U.S. President Donald Trump speaks with the media while meeting with the President of Poland Andrzej Duda at the oval office in the White House on September 18, 2018 in Washington, DC. Duda is on his first trip to the White House. (Photo by Tasos Katopodis-Pool via Getty Images)
**FILE** U.S. President Donald Trump speaks with the media while meeting with the President of Poland Andrzej Duda at the oval office in the White House on September 18, 2018 in Washington, DC. Duda is on his first trip to the White House. (Photo by Tasos Katopodis-Pool via Getty Images)

Donald Trump on Monday announced a new NAFTA draft treaty, renamed for showtime as the U.S.-Mexico-Canada Agreement.

Canada, ignoring Trump’s insults and gibes, threats and posturing, joined Mexico in making a deal. The new pact contains some much needed reforms — and falls glaringly short in critical areas. Auto workers and truckers get some relief. Big oil and Big Pharma get paid off. The prices of prescription drugs will go up in Canada and Mexico.

For Trump, the agreement is about politics. He set the arbitrary deadline for signatures so that he might have a revised draft agreement to trumpet during the run-up to the November elections. For working people, particularly manufacturing workers and farmers, the show is less important than the substance. And the substance is a very mixed bag.

Trump is to be applauded for forcing the renegotiation, despite the hand-wringing of the corporate trade advocates in both parties. In many ways, he had little choice.

Working people had paid a huge price under the original NAFTA and demanded change. Labor unions built a large coalition against NAFTA and future agreements like it, including the Trans Pacific Partnership.

Sen. Elizabeth Warren led the assault on the outrageous private legal system that NAFTA and other agreements set up for corporations, giving them the right to sue the U.S. before private tribunals with corporate lawyers acting as judges.  Sen. Sherrod Brown and Rep. Rosa DeLauro built the coalition that made it clear that the TPP would never gain approval from the Congress.

By the time of the 2016 election, every major candidate — Hillary Clinton, Bernie Sanders and Donald Trump — announced their opposition to the TPP and criticized NAFTA. Trump was savvy enough to make trade and NAFTA a centerpiece of his economic argument in the campaign.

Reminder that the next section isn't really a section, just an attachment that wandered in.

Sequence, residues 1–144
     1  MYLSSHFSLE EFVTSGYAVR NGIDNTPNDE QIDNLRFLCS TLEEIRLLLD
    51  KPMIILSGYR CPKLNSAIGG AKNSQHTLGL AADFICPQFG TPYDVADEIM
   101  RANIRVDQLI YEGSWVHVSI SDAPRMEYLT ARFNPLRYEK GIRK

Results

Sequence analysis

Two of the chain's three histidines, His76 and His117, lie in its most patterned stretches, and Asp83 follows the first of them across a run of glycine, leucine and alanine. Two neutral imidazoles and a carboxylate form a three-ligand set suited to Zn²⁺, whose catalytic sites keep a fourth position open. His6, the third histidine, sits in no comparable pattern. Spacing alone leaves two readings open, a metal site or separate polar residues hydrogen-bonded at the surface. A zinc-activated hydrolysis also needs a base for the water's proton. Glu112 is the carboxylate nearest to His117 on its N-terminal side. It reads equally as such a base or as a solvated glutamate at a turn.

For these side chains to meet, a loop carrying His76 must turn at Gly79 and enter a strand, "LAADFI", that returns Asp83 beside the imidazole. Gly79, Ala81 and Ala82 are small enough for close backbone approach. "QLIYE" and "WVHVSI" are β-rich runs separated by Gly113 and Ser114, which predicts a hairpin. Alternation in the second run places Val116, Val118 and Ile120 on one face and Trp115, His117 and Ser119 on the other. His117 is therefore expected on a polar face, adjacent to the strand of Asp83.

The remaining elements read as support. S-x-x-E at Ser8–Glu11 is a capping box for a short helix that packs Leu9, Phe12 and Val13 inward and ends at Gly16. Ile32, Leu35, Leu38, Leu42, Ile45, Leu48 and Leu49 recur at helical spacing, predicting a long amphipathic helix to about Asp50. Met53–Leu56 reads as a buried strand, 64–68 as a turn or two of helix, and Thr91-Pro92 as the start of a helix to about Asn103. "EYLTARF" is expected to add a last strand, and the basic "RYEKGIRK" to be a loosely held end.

Trump’s deal makes some significant reforms that should be applauded. It reins in the outrageous Investor State Dispute Settlement, curbing the ability of corporations to use private tribunals to collect millions and attack environmental and health policies. It raises safety standards on trucks coming from Mexico, a significant concern for citizens across the country.

It increases the North American (read Mexico, Canada and U.S.) domestic content for tariff free automobiles and auto parts from 62.5 percent to 75 percent, which should help retain some jobs from being shipped to low wage producers across the seas.

It contains a truly innovative provision requiring that 30 percent of work done on automobiles be carried out by workers making at least $16 per hour. That helps protect workers in the U.S. and Canada, since it is three times the prevailing wage in Mexico.

It is, however, truly deplorable that the floor on autoworkers wages is $16 an hour, in contrast with the wages that they used to get before NAFTA.

But there is much in Trump’s new trade deal that reflects the corrupt corporate dealings of the old NAFTA. Big oil won the ability to sustain the private tribunals for its operations in Mexico. Big Pharma won increased monopoly protections. The price of drugs will go up Canada and Mexico and stay up in the U.S. as a result of this agreement.

More work remains to be done. As Lori Wallach of Citizen Trade Watch notes, “Unless there are strong labor and environmental standards that are subject to swift and certain enforcement, U.S. firms will continue to outsource jobs to pay Mexican workers poverty wages, dump toxins and bring their products back here for sale.”

Worse, Trump’s agreement waives buy American protections for U.S. procurement, leading to the continued outsourcing of U.S. jobs created from taxpayer’s money.

Canada and Mexico are our largest trading partners, with $1.2 trillion in trade between the three nations. Canada is the largest recipient of U.S. exports, our second largest trading partner and our second largest investor. Canada is a NATO ally whose soldiers have fought and died at our side.

We also have a huge stake in Mexico’s economic welfare. Part of the horrors of the first NAFTA was that it disrupted peasant agriculture in Mexico, forcing many workers to head north to care for their families. The resulting tensions from immigration — legal and illegal — have had a poisonous effect in our politics, with Trump and others profiting from an ugly, racialized posturing.

Getting this right is important.

Sadly, the deal, while an improvement over the old one, doesn’t get it right. Labor rights and environmental protections still lack serious enforcement. Mexico’s ability to pursue a clear economic course is circumscribed by protections of Big Oil and Big Pharma, among others.

Trump deserves credit for renegotiating NAFTA, something that his Democratic and Republican predecessors failed to do. Trump will no doubt use the new agreement as a centerpiece of his claim of “Promises made, promises kept.” A more accurate description would be “Promises made, performance lacking.”

Rev. Jesse L. Jackson Sr.

Founder and President, Rainbow PUSH Coalition, is one of America’s foremost civil rights, religious and political figures. Over the past forty years, he has played a pivotal role in virtually every movement...

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